In the second of our four-part series, where we are looking back at what Drapers was reporting on 100, 75, 50 and 25 years ago, we opened up the archive to see what Drapers featured in its Nov 2 issue in 1940.
Yesterday we took you back 100 years to Drapers’ October 30 issue in 1915. Fast-forward 25 years to 1940, and Drapers was once again being published while Britain was fighting another war with Germany, the Second World War.
Drapers’ November 2 issue was published just days after the Battle of Britain ended, with London having been bombarded by the Nazis from July 10 to October 31.
With the Drapers team still located at 154-156 Cheapside in London, the magazine was now using colour on its front cover, which was still given over to advertising (below).
Inside, the first seven pages were again focused on advertising, with familiar name Debenhams popping up among them (below).
Drapers’ opinionated style is still displayed in the editor’s letter, which began by quoting a prominent retail figure: “In the House of Commons we have no one who adequately represents the distributive trade”, wrote Fred J. Pope, a director of Debenhams, in a letter published this week. The editor (at this time none of the editors in Drapers were credited), goes on to criticise the House’s lack of retailer representation when deciding on things that affect the sector, concluding that the government needs to stop “playing ducks and drakes with business matters”.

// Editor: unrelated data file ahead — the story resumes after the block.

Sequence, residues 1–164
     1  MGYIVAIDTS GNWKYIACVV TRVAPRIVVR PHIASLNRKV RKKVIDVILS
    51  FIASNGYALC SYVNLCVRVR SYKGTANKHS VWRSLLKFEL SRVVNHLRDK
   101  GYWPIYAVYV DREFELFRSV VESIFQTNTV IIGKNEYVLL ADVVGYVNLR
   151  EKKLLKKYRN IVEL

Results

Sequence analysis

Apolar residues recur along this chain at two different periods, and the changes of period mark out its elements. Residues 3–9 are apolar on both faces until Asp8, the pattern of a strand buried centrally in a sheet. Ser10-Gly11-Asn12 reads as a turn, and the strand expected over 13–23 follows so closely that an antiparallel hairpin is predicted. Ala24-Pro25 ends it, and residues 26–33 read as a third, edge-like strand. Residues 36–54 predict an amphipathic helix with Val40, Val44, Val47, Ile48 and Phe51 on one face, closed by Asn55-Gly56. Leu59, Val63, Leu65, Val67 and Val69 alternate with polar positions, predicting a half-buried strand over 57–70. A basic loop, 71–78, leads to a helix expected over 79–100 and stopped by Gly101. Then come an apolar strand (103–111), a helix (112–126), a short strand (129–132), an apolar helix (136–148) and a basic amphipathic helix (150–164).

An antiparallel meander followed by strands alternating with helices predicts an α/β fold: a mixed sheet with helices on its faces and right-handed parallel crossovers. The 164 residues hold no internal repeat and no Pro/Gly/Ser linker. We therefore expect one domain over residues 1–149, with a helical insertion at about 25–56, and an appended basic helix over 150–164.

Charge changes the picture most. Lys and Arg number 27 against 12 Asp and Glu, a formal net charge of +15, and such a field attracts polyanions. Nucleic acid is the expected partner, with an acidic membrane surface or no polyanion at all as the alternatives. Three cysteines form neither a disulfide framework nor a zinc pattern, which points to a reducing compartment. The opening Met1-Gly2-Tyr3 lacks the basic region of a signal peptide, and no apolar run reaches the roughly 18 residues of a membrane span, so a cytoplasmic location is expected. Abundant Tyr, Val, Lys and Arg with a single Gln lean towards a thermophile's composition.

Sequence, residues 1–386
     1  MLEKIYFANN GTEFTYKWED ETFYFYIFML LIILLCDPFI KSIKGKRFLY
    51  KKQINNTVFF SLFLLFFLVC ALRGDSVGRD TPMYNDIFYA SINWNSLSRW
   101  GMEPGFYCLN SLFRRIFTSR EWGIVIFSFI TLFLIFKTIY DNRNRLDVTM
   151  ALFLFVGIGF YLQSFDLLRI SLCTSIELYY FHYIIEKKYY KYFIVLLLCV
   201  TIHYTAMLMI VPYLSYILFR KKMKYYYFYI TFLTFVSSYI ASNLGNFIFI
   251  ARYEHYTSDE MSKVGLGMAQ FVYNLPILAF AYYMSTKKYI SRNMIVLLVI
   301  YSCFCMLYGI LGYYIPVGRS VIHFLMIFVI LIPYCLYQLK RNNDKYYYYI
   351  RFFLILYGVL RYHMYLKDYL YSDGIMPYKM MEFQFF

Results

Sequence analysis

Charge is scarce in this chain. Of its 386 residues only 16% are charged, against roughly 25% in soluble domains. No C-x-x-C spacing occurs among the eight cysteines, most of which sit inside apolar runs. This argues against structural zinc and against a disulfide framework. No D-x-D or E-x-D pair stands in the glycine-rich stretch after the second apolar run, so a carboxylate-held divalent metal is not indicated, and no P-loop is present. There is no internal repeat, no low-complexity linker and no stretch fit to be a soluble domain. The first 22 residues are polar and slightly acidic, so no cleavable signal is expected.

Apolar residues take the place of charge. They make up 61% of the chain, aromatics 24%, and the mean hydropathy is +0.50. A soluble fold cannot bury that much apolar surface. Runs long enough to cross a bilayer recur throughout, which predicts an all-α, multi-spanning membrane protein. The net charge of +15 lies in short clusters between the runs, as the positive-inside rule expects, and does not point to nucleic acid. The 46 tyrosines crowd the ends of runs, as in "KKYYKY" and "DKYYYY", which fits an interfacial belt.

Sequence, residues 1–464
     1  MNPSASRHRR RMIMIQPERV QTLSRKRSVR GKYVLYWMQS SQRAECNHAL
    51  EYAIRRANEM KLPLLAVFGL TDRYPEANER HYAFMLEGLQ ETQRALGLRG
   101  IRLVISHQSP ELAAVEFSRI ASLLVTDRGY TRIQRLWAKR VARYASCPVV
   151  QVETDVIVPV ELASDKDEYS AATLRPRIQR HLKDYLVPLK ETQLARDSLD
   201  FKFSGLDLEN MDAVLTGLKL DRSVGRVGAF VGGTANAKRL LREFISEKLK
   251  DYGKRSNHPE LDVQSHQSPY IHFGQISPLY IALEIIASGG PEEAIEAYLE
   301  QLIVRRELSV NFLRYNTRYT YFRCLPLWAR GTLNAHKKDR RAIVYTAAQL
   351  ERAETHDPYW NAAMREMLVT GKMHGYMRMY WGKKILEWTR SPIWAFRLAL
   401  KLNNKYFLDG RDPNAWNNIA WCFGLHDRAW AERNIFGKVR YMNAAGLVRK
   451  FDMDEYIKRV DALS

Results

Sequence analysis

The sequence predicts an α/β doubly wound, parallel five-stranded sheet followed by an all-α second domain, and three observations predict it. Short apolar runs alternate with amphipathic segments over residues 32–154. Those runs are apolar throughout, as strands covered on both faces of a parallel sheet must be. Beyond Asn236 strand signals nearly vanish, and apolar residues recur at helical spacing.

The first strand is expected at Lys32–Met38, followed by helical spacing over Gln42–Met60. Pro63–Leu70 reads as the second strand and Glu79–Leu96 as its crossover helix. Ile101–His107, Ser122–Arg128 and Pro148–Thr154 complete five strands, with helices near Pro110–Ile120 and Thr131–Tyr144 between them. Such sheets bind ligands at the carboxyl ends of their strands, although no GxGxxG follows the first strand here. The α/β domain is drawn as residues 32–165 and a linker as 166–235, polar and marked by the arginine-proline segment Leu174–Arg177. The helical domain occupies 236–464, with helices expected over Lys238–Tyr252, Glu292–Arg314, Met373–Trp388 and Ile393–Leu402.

Given the timing, Drapers’ news pages featured photos of stores that had been bombed and a blackout timetable to keep Londoner’s safe during the Nazis reign of terror over the capital’s skies.
During this time many shop windows appeared more utilitarian, but this picture of Simpsons of Piccadilly’s window display shows some of the signature styles of the 1940s with nipped in waists and a slim silhouette.
Meanwhile, 1940s fashion is all too evident within the rest of the advertising, as seen below in an ad from Marldena Gowns.